I've seen many houses made from mud and logs. Kids carrying jerrycans filled with water pass by me on a daily basis while their parents work their hands to the bone in the fields. Further out, I could use the same words to describe the situation, but it's somehow worse.
This is a waterfall. I named it Carlos.

That's not to say that Rwanda isn't making strides. There's income inequality now, but Rwanda's upper class has only relatively recently emerged. Rwandans are very optimistic towards their future, and there are many NGOs that work to lift these people up. Also, the Kagame government seems to genuinely care about its less fortunate.

It's safe to say that I won't be replicating Che Guevara's subsequent journey.

Sunday, October 9, 2016

Dawod Visit Offers Students Global Perspective

By Alena Klimas, IIJ Programs Coordinator

This past week, Nivette Dawod visited Ohio University in the midst of election season and talked to students about reporting from a global perspective. Nivette came to Ohio after reporting directly from the first Presidential debate. Her articles on the election as a Swedish foreign correspondent have been featured in the magazine Aftonbladet. During her visit, I sat down with Nivette to talk about her experience as a journalist and her visit to the United States.

From the start, Nivette always knew she wanted to be a journalist but didn’t know how to go about doing so. She did her bachelors in Political science and after graduation found a magazine that Nivette felt very connected to. The magazine was founded by second generation immigrants in Sweden. Nivette submitted a sample story and before long she was working for the magazine full time. Ever since then, she has been in the journalism field.

Nivette’s passion for international reporting is in the Middle East. When she was growing up, Nivette did not feel like she could express her background. Nivette comes from Syrian father and a Lebanese mother. When she was younger she would hear the stories of their countries. However, she grew up in Sweden in Scandanavia far from these connections. When she was 18 she visited Lebanon for the first time. She felt like she “home for the first time” even though she had never been there before. The Lebanese culture embraces immigration and so for the first time ever didn’t feel like the odd one out. No one questioned her nationality and asked her where she was really from, common in Sweden. The feeling of home in the Middle East has stuck with Nivette and has shaped her career in journalism.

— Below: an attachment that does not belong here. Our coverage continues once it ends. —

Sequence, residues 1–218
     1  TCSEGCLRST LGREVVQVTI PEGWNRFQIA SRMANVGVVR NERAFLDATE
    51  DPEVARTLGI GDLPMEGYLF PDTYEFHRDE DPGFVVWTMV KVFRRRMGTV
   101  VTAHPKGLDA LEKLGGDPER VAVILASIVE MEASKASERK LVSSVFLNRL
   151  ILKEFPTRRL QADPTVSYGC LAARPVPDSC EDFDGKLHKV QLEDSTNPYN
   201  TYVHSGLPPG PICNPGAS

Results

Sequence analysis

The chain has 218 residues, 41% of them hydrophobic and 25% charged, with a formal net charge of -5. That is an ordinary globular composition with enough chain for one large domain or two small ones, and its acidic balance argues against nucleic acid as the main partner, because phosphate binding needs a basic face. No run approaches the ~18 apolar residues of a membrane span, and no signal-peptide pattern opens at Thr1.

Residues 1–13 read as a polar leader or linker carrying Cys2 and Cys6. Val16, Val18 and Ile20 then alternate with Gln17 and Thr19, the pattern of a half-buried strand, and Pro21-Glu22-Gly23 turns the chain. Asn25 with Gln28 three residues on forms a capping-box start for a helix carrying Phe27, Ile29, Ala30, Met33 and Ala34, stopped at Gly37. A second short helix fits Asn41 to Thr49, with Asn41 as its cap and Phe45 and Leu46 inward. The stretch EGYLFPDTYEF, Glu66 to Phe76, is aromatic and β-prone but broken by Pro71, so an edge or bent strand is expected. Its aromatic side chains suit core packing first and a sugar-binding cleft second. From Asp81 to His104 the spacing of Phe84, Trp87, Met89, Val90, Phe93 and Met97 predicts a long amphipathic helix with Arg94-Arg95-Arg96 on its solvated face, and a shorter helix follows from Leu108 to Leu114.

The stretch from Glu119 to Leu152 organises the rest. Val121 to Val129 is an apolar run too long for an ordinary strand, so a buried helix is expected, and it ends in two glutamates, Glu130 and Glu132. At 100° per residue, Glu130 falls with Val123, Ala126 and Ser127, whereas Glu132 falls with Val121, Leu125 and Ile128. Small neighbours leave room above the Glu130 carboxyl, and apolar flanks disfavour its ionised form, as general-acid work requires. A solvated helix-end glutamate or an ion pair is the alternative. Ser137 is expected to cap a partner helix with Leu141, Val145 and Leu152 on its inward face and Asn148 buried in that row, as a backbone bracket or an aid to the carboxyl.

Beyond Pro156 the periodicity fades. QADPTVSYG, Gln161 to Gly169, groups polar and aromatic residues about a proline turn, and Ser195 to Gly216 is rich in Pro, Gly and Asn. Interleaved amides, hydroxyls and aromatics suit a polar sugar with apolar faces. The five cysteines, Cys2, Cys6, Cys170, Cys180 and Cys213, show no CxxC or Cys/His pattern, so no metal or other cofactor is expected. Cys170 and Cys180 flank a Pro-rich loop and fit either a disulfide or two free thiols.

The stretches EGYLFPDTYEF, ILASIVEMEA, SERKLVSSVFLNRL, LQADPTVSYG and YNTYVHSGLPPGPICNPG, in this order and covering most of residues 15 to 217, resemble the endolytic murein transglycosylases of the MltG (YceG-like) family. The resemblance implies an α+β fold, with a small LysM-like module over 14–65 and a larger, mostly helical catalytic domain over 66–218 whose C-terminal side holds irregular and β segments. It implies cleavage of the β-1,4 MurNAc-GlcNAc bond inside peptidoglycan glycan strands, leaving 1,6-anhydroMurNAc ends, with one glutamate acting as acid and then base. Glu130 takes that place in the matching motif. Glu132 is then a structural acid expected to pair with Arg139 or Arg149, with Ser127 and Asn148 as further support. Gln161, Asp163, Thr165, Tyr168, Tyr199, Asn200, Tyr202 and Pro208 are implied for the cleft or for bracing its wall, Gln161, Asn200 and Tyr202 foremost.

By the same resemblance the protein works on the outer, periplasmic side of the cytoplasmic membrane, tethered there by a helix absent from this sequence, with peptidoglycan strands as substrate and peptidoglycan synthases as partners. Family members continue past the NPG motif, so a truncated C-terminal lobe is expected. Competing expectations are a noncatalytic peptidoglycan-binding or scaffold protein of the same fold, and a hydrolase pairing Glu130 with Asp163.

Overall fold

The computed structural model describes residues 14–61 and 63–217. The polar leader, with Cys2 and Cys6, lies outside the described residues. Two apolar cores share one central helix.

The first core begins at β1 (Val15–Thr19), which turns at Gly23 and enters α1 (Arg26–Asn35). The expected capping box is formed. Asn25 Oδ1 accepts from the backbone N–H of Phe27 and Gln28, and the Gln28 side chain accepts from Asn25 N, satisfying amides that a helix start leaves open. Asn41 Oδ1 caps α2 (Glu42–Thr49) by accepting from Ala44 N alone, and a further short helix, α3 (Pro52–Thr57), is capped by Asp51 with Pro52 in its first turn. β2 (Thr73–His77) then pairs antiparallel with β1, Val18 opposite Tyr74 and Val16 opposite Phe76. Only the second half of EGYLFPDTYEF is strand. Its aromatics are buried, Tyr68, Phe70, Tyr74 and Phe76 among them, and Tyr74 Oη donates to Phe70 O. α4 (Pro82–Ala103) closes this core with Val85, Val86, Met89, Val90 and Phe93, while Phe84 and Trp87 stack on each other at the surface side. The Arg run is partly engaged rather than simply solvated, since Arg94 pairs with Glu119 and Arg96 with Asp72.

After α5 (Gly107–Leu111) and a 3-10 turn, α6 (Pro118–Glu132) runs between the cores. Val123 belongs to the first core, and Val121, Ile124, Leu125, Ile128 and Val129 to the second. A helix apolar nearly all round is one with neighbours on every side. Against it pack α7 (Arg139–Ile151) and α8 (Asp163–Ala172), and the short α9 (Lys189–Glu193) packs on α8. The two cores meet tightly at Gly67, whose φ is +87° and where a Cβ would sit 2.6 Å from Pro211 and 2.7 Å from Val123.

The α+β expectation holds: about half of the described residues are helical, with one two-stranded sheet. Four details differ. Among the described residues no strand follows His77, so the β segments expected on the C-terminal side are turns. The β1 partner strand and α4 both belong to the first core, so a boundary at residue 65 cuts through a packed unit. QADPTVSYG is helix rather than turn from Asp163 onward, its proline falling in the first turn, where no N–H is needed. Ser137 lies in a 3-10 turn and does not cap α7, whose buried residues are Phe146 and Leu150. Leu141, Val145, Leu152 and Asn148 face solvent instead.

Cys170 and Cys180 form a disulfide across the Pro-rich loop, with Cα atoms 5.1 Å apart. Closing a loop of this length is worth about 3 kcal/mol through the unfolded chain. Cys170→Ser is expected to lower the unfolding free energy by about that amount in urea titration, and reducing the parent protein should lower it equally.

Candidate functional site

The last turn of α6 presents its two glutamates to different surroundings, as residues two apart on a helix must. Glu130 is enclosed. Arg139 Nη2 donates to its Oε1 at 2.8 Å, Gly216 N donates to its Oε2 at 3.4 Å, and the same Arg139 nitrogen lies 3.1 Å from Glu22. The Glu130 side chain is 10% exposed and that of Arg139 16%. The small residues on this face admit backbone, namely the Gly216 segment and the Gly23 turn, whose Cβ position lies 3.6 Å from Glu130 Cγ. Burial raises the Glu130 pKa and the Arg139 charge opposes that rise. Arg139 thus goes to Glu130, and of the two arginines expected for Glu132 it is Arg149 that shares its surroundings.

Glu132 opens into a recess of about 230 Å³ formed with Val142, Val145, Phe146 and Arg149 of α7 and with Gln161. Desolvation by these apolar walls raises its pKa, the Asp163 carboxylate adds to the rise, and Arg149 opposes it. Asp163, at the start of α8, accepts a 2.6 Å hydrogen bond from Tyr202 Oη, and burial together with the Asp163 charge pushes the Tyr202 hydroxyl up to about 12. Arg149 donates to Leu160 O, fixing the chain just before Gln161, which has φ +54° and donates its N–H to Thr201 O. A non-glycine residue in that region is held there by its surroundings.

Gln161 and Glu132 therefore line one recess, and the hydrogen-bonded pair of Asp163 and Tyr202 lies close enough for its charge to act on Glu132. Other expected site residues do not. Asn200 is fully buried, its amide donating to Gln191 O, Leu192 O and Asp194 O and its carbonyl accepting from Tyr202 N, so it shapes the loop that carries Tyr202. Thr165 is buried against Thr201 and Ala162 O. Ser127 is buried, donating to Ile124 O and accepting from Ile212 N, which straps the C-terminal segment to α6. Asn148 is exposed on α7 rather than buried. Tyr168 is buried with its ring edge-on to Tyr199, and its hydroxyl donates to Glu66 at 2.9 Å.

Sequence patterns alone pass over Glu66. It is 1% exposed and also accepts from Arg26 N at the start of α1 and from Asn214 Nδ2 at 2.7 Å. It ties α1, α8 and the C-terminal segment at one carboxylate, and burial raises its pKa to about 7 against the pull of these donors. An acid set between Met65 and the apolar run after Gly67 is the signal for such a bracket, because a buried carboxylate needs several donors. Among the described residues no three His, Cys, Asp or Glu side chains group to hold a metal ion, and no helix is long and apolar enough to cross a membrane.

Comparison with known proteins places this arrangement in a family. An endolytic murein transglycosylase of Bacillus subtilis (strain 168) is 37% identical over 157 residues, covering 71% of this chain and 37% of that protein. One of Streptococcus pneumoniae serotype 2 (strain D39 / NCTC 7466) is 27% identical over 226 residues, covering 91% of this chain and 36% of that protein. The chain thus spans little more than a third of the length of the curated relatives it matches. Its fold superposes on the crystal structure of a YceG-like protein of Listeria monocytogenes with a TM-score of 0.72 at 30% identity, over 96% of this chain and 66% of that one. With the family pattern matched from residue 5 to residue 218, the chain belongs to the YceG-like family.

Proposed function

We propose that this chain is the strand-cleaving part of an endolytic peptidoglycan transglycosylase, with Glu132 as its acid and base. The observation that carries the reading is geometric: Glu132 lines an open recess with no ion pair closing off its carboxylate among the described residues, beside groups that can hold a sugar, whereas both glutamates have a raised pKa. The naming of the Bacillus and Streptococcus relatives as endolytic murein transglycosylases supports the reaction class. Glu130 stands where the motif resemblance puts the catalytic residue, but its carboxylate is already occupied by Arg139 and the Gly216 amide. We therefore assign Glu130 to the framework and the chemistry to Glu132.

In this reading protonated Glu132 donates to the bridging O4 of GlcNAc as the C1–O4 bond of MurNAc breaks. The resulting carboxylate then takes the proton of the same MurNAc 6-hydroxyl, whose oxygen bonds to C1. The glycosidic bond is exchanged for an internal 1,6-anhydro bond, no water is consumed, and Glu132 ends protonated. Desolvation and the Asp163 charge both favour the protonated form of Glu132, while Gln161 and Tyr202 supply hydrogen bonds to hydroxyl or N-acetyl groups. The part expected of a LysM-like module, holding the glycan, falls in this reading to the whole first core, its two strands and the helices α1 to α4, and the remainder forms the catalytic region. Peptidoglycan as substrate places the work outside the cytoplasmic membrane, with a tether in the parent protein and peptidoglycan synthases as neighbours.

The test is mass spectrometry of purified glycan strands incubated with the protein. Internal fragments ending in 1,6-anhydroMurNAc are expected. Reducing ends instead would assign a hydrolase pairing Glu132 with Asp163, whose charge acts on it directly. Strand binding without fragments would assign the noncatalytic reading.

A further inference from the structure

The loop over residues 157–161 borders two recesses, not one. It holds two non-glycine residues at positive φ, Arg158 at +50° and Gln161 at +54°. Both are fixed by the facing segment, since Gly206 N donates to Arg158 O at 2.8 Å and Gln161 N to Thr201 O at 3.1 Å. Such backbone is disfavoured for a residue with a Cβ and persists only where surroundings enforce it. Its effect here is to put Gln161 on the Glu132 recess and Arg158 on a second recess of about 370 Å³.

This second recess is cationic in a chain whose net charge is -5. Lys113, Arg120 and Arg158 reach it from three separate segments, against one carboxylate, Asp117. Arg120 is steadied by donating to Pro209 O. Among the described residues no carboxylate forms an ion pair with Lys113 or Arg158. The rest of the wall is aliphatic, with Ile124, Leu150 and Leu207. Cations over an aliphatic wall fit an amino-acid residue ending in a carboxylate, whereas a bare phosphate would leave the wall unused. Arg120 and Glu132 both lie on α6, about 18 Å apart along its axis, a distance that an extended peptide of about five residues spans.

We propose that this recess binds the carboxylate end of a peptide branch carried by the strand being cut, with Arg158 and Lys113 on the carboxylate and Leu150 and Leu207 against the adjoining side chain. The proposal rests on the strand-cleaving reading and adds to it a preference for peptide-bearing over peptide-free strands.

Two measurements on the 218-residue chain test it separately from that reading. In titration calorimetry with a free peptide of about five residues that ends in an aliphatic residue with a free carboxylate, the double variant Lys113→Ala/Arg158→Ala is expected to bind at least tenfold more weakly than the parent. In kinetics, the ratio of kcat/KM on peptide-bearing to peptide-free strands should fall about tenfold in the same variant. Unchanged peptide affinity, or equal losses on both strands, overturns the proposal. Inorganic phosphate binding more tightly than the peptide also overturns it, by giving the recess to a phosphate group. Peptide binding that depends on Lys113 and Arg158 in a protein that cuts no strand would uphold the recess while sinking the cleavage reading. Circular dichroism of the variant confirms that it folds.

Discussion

It was a “long ride” to report on the Middle East and Nivette had to push for the spot in foreign news. She always said “we should cover this, we should write about this”. Finally, her bosses decided this is good. Her work became bigger and bigger. She then received a fellowship from a Swedish radio. Nivette has since been to the Kurdish region of Iraq, working with the foreign correspondence Cairo, conflict in Israel/Palestine, and Saudi Arabia to cover the first women’s vote in municipal election.

However, for now, Nivette is covering the 2016 election in the United States. Athens, Ohio was one of her first stops in the US. She was happy to be in her first “college town”. Nivette also saw her first sorority house while walking on campus. She was so thankful to have visited our “nice little world”. Nivette was able to speak to an array of “inspiring” students and professors. She did a more extensive interview with WOUB with Professor Hodson. Over the weekend, Nivette visited the more rural part of Ohio. She drove to Amish country which was quite interesting for her. Then on her last day in Ohio, Nivette drove to Columbus to explore the Somali community there. She spent time with some of the community members and visited the more Somali places like the “Global Mall”. She was interested in seeing how the refugees had been integrated life in Ohio.
Ms. Nivette Dawod and Dr. Kalyango at dinner/reception with IIJ faculty and students.

Ms. Nivette Dawod is a 2016 fall fellow from the Washington-based Transatlantic Media Network and sponsored by the Center for Strategic International Studies (CSIS) in partnership with the Institute for International Journalism (IIJ) for the portion of the Ohio University campus visit.  Dr. Yusuf Kalyango, IIJ Director, says is very grateful to CSIS for their continued partnership over the past five years and the sponsorship of the fellows to explore important issues in the United States. Having Nivette Dawod on the OU campus gave students a more global perspective on the 2016 U.S. presidential elections. “We were so happy to have such a talented, interesting journalist on campus,” said some students. Nivette will continue on to other states and universities for her reporting on the U.S. presidential election.